Methods

[Brach-and-prune]    [Higher-dimensional continuation]

Brach-and-prune

Historically, the preferred approach to tackle the position analysis problems has been to reduce the initial system of equations encoding the problem to a resultant polynomial, and then solving this polynomial using well-established methods for the univariate case. However, this approach may introduce extraneous roots and the size and degree of the resultant grow rapidly with the amount of intervening bodies and the complexity of their connection pattern. Our approach circumvents these issues by adopting an opposite approach. Instead of reducing the initial system of equations to a univariate polynomial, we formulate it as a larger system including only linear and quadratic equations. This particular formulation is exploited to implement a branch-and-prune technique that, departing from an initial box bounding the solution set, effectively prunes unfeasible portions of such box until all solutions are isolated at the desired accuracy.

A simple example can illustrate how the branch-and-prune methods work. Consider the following planar manipulator

A planar arm welding on a beam. The goal is to weld on a particular point P with orientation θ. Click on the image to enlarge it.

The problem can be encoded in the following set of equations:

The equations encoding the welding problem. Click on the image to enlarge it.

Observe that the arm configurations are represented using three normalized vectors, (u1_x,u1_y), (u2_x,u2_y), and (u3_x,u3_y), encoding the orientation of each link relative to the X axis of the global frame. The position of the end effector is given by the linear equations in the last two lines of the system, and the [-1,1] ranges for the variables define a six-dimensional box bounding the location of all solutions to the problem.

By means of simple manipulations, the equations can be simplified to the following couple of equations, whose solution are in the intersection of a line and a circle in u2_x and u2_y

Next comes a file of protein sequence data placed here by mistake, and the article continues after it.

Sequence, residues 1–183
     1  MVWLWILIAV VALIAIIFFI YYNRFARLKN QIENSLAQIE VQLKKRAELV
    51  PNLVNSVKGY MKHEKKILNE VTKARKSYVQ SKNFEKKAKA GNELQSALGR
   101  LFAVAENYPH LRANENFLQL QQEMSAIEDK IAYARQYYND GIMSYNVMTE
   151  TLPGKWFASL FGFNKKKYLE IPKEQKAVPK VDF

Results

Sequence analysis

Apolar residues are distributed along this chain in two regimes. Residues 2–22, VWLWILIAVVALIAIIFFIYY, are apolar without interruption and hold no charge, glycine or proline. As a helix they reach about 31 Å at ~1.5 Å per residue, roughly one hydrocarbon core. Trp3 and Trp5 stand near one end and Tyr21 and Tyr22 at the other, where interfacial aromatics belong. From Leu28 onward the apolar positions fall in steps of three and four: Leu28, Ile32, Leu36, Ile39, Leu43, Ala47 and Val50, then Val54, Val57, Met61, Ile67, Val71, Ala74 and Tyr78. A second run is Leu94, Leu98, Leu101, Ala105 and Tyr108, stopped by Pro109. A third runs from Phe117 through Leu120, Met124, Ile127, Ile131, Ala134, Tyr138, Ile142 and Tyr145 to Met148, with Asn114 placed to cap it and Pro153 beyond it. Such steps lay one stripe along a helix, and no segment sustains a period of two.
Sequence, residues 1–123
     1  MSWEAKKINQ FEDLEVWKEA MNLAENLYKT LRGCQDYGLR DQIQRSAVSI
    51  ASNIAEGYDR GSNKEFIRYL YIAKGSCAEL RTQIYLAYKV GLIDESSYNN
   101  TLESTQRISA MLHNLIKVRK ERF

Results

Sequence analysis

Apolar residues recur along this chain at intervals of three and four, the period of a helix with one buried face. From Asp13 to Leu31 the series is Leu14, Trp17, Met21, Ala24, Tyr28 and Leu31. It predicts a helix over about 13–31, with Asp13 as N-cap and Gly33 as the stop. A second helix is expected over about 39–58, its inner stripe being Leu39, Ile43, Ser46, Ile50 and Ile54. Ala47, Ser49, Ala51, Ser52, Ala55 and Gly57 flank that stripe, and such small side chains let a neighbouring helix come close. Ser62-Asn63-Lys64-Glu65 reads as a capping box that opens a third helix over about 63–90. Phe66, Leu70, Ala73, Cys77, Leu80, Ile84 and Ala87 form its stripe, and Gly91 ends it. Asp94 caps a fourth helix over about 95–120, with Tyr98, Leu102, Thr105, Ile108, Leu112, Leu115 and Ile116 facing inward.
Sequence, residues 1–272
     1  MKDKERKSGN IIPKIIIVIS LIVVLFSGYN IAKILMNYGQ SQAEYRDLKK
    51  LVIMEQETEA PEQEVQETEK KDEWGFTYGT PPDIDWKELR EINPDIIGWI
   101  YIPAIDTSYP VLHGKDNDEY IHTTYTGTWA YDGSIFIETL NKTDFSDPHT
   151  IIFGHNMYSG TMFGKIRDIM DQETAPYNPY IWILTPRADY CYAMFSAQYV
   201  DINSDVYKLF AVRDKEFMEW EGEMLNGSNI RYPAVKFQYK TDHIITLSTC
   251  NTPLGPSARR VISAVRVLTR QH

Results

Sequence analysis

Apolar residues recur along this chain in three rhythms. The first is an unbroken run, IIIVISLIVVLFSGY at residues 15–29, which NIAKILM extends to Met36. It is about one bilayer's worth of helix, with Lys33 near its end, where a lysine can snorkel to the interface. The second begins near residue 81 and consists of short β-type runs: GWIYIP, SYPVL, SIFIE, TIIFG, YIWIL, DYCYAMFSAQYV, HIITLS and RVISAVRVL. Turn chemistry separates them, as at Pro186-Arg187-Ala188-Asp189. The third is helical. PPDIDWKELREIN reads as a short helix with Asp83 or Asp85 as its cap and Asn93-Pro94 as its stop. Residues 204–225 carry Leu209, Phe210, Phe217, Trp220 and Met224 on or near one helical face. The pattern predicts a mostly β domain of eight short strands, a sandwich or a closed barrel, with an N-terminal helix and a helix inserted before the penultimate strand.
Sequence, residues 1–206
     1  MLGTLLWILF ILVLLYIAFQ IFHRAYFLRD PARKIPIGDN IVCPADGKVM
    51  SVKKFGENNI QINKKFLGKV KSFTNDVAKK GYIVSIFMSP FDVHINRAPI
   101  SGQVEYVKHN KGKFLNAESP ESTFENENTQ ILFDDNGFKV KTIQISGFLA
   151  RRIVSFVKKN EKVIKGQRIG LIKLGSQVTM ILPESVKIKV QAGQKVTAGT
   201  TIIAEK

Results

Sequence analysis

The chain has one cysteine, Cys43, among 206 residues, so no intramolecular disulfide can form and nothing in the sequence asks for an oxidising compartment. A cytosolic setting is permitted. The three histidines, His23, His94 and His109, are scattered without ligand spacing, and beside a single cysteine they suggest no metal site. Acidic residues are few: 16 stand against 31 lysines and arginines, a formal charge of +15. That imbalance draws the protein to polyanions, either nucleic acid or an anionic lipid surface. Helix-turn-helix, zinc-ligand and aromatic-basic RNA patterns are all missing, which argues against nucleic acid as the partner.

The simplified equations encoding the welding problem. Click on the image to enlarge it.

and the search box can be limited to the ranges [-0.75, 1] and [-0.25, 1] in u2_x and u2_y, respectively. The graph of these two equations and the new search box are represented next using solid and dotted lines:

The bisection and prune process that allows isolating the solution points. Click on the image to enlarge it.

To identify the two solution points, the box can be bisected along the u2_x axis, obtaining the two yellow boxes in the bottom of the figure. Then, a linear program taking into account only the line equation can be used to reduce these sub-boxes to the light-gray areas shown in the figures. However, the circle equation can also be considered by using two inequalities (the dashed lines in the figures), which bound the graph of the circle equation within the corresponding search box. Using these inequalities, a tiny box around the first solution point is readily identified, and tighter bounds are provided for the second solution point, producing the dark-gray rectangle in the figure. This pruning operation can be repeated and at the end, if a box is small enough, i.e., if its largest side is below a given threshold, it is considered a solution box. Otherwise the box is bisected and the process is recursively applied to the two sub-boxes created. This process has proved to be successful on solving complex problems in general 6R robots and Stewart platforms, or in mechanisms with up to sixteen highly-coupled closed kinematic chains. Alternative methods are finding their limit in mechanisms of much smaller size